Owen Van Natta is back in the game. He’s back in business. And he’s back in the games business.
Zynga, the maker of FarmVille, Mafia Wars, and other popular Facebook games, is hiring the social-networking veteran as executive vice president of business operations. Van Natta, who’d been consulting for the company, starts work on Monday, and is also joining Zynga’s board of directors.
It’s the latest in a string of high-profile hires and business deals for Zynga, which is widely believed to be gearing up for an IPO.
Van Natta most recently ran MySpace, but was ousted from his job as CEO in February amid a high-profile conflict with Jonathan Miller, the chief digital officer at MySpace’s parent company, News Corp. Before that he briefly ran Project Playlist, a now-defunct music startup based in Palo Alto.
He’s best known for his role as chief operating officer of Facebook, where he was known for his aggressive dealmaking, a career capped by Microsoft’s investment in the social network at a breathtaking valuation of $15 billion.
Van Natta will oversee the company’s “revenue strategy, corporate development, internal expansion, and brand,” according to a company biography, and reports to Zynga founder and chief executive Mark Pincus.
That Van Natta took a non-CEO job following MySpace will likely raise eyebrows. Van Natta had been vocal in the past about his ambitions to run a major Internet company — an ambition which contributed to his departure at Facebook, where founder Mark Zuckerberg is firmly ensconced as CEO. But Zynga is one of the hottest companies in Silicon Valley right now, with huge plans for international expansion, and Van Natta is getting not just a broad portfolio of responsibility for the business but a seat on the board as well.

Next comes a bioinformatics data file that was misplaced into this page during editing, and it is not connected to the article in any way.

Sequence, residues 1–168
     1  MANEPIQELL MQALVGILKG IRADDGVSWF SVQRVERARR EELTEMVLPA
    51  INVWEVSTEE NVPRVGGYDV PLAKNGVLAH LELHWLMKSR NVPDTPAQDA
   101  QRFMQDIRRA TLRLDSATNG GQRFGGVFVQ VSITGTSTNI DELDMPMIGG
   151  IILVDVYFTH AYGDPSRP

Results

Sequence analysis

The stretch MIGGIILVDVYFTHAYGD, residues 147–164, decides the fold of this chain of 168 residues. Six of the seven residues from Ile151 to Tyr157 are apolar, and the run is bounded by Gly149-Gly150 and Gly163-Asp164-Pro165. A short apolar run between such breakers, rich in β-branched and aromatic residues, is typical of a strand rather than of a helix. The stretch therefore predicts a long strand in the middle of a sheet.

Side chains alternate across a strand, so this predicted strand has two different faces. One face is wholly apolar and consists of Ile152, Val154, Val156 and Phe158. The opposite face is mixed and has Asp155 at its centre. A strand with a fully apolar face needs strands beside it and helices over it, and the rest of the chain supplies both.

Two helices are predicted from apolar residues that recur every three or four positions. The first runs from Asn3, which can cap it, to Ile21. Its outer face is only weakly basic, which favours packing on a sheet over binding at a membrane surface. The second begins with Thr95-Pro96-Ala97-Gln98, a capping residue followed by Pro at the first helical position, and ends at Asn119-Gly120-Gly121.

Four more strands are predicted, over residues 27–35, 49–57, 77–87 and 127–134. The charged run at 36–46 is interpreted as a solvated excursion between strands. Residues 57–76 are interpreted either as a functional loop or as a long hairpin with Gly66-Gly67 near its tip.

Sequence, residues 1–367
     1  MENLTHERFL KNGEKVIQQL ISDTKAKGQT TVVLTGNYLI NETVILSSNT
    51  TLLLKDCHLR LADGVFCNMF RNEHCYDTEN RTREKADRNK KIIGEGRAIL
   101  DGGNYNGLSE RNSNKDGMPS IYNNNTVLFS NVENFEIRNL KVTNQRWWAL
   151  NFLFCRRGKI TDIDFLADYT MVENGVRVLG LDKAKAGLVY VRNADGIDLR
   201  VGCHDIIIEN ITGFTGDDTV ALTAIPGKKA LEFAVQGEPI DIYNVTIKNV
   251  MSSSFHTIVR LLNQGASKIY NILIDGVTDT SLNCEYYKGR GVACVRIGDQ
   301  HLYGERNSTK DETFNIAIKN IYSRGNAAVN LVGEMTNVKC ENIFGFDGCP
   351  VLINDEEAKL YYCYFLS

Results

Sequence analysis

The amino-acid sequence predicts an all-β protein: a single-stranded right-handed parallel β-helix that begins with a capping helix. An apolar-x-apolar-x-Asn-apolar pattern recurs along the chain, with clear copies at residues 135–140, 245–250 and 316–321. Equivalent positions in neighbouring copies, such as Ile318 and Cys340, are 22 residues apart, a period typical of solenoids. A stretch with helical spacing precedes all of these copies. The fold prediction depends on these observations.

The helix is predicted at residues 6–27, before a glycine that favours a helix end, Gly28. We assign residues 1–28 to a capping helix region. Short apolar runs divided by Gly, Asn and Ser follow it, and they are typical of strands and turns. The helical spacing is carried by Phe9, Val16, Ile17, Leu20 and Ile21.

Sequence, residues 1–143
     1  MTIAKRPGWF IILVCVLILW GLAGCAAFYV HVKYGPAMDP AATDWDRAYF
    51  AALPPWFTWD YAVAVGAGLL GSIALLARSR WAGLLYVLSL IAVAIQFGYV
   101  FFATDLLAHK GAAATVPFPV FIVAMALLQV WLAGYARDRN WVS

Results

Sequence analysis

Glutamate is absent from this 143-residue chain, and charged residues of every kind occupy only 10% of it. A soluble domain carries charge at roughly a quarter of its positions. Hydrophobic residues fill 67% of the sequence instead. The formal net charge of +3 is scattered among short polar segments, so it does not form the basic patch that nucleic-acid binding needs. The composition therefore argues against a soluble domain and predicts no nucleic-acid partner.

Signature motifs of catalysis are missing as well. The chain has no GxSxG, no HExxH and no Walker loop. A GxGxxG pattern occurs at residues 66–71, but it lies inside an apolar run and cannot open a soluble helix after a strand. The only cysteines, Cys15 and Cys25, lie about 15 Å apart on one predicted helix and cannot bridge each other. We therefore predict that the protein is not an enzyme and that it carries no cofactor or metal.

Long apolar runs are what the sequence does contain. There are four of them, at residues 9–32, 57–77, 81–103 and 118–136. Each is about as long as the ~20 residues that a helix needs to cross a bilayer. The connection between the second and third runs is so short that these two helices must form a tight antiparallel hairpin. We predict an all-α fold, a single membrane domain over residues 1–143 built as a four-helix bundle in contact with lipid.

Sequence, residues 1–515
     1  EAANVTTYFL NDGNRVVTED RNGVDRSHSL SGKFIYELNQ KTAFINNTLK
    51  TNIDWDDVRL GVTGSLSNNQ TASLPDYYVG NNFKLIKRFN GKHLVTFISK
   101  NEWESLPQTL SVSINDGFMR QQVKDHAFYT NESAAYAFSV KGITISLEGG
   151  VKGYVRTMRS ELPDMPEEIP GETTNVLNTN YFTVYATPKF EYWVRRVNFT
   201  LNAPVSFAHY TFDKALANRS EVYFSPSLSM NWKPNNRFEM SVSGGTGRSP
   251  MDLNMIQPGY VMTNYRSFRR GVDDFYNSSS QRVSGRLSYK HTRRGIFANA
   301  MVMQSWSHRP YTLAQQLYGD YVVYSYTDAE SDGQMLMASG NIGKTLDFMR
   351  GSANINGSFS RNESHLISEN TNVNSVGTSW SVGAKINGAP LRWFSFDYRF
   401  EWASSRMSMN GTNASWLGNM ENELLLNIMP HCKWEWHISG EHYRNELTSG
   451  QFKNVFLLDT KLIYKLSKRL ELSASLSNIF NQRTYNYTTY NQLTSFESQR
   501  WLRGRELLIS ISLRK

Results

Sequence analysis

Zynga recently hired a new CFO, Dave Wehner, a former managing director at boutique investment bank Allen & Co. Robert Goldberg, previously the company’s vice president of business development, is taking a new position as CEO of Zynga Japan. The company has formed a joint venture in that country with SoftBank, the Japanese Internet giant, and is expanding elsewhere in Asia through acquisitions and its SoftBank relationship.
Google has also reportedly invested in Zynga and partnered with the company to bring its popular games to Google Me, a social network Google is developing to compete with Facebook.
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